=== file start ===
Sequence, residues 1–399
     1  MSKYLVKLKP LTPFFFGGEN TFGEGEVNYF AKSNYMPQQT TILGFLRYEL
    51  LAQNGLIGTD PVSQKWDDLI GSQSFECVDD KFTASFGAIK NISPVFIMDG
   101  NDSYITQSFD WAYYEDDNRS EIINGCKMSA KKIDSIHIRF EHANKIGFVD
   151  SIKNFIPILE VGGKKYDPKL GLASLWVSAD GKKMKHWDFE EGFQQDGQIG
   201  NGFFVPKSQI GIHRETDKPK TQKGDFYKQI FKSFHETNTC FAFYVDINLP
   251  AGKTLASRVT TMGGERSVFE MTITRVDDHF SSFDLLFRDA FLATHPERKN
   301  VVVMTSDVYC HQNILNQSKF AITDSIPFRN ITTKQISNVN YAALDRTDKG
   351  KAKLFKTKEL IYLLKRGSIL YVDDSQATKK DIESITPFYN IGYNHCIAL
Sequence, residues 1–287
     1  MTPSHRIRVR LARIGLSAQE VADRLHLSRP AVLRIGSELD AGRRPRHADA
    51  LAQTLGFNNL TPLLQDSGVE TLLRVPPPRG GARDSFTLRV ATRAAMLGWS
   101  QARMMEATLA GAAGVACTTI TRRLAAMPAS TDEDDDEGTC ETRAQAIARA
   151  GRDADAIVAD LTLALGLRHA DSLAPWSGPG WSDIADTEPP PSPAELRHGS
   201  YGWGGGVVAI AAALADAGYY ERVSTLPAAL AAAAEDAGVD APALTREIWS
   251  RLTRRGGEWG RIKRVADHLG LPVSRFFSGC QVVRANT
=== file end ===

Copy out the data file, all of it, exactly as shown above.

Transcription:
Sequence, residues 1–399
     1  MSKYLVKLKP LTPFFFGGEN TFGEGEVNYF AKSNYMPQQT TILGFLRYEL
    51  LAQNGLIGTD PVSQKWDDLI GSQSFECVDD KFTASFGAIK NISPVFIMDG
   101  NDSYITQSFD WAYYEDDNRS EIINGCKMSA KKIDSIHIRF EHANKIGFVD
   151  SIKNFIPILE VGGKKYDPKL GLASLWVSAD GKKMKHWDFE EGFQQDGQIG
   201  NGFFVPKSQI GIHRETDKPK TQKGDFYKQI FKSFHETNTC FAFYVDINLP
   251  AGKTLASRVT TMGGERSVFE MTITRVDDHF SSFDLLFRDA FLATHPERKN
   301  VVVMTSDVYC HQNILNQSKF AITDSIPFRN ITTKQISNVN YAALDRTDKG
   351  KAKLFKTKEL IYLLKRGSIL YVDDSQATKK DIESITPFYN IGYNHCIAL
Sequence, residues 1–287
     1  MTPSHRIRVR LARIGLSAQE VADRLHLSRP AVLRIGSELD AGRRPRHADA
    51  LAQTLGFNNL TPLLQDSGVE TLLRVPPPRG GARDSFTLRV ATRAAMLGWS
   101  QARMMEATLA GAAGVACTTI TRRLAAMPAS TDEDDDEGTC ETRAQAIARA
   151  GRDADAIVAD LTLALGLRHA DSLAPWSGPG WSDIADTEPP PSPAELRHGS
   201  YGWGGGVVAI AAALADAGYY ERVSTLPAAL AAAAEDAGVD APALTREIWS
   251  RLTRRGGEWG RIKRVADHLG LPVSRFFSGC QVVRANT